Iphigenia in Tauris


Euripides. The Plays of Euripides, Translated into English Prose from the Text of Paley. Vol. II. Coleridge, Edward P., translator. London: George Bell and Sons, 1891.

  1. Yes, Orestes; and you must think so too.
  1. And the altar, that drips with the slaughter of Hellenes?
  1. Its dedications of hair, at least, are red with blood.
  1. Do you see the spoils hanging from the very walls?
  1. Trophies of strangers that have been slain. But I must look all around and keep careful watch.[*](This sentence is assigned to Orestes in the Coleridge translation but has been moved to align with the Greek.)
  1. O Phoebus, where have you again brought me into the snare, by your oracles, since I avenged my father’s blood by the murder of my mother, and was driven by successive Furies,
  2. a fugitive, away from the land, and completed many winding courses; and coming to you I asked how I might arrive at an end to whirling madness and my labors, which I have carried out, wandering all over Hellas. . . .
  3. And you told me to go to the boundaries of the Tauric land, where Artemis, your sister, has an altar, and to take the statue of the goddess, which is said here to have fallen to this temple from heaven; and, taking it by craft of some stroke of luck,
  4. to complete the venture by giving it to the Athenian land—what was to come next was not spoken of—and if I did this, I would have rest from my labors.
  5. I have come here, obedient to your words, to an unknown, inhospitable land. I ask you,
  6. Pylades, for you are my accomplice in this task, what shall we do? You see that the surrounding walls are high; shall we ascend the steps leading up to the house? But how might we escape notice? Or loosening the bronze bars of the door with levers,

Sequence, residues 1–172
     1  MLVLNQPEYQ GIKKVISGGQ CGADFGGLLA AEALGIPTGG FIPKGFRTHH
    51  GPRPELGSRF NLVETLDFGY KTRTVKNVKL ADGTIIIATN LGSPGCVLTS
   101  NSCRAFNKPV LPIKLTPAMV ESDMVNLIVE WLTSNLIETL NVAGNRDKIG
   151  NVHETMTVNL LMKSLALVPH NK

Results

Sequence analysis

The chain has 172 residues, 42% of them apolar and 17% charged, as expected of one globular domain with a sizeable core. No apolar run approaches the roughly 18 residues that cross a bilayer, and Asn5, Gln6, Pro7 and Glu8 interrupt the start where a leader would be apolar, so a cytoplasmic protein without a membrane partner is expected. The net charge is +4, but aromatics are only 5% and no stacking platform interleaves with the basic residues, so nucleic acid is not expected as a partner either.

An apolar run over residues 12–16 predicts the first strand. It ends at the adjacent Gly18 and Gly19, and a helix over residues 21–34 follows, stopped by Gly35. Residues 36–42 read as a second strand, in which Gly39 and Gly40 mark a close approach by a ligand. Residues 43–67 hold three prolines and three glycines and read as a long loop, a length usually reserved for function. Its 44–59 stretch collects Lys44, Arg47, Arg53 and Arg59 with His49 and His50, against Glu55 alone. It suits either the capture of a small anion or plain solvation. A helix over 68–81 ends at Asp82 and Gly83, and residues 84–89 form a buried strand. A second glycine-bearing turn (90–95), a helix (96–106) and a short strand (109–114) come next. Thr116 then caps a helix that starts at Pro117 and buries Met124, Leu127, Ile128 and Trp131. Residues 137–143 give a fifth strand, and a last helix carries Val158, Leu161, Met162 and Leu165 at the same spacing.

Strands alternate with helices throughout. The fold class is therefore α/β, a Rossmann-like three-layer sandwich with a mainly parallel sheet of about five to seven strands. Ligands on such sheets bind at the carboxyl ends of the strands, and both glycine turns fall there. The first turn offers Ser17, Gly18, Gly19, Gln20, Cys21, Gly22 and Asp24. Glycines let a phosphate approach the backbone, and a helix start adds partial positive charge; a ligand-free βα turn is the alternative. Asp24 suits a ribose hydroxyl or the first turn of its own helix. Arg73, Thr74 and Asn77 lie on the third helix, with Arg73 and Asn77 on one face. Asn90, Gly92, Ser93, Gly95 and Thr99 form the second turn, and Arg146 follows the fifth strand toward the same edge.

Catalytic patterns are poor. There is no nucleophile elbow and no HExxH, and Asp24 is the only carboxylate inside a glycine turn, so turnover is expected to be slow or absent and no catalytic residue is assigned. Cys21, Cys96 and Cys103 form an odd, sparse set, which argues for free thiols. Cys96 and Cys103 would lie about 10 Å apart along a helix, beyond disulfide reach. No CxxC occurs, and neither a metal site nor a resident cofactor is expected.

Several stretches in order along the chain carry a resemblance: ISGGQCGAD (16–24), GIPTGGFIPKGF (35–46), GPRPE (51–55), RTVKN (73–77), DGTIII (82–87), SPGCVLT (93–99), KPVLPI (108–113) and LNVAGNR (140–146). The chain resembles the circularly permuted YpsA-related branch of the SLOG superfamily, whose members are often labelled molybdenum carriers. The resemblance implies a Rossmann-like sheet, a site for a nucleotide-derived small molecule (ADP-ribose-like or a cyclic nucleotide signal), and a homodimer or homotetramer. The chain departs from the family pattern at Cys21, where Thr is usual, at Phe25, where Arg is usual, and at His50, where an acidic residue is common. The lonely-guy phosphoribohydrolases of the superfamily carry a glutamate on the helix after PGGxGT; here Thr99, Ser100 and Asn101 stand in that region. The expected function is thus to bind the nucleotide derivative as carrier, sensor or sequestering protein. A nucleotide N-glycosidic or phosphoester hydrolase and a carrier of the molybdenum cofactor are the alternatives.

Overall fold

7. of which we know nothing? If we are caught opening the gates and contriving an entrance, we shall die. No, but before we die, let us escape on the ship in which we sailed here.
  1. Flight is not to be endured, nor are we accustomed to it,
  2. and we must not bring reproach on the god’s oracle; let us leave the temple and hide in a cave which the black sea washes with its moisture—far from the ship, so that no one, seeing it, may tell the ruler, and then seize us by force.
  3. But when the eye of gloomy night comes on, then we must dare to take the polished statue from the shrine, by any means. See where between the triglyphs there is an empty space to let ourselves down. The brave endure their labors,
  4. the cowardly are worth nothing at all.
  1. Yes, we did not come on a long sea voyage only to undertake a return home before the end; but you have spoken wel, we must obey. We should go wherever we can hide and escape notice.
  2. For it will not be the god’s fault if his sacred oracle falls to the ground without effect. We must endure. Exeunt Orestes and Pylades.
  1. Keep a holy silence, you who inhabit the double clashing
  2. rocks of the Black Sea!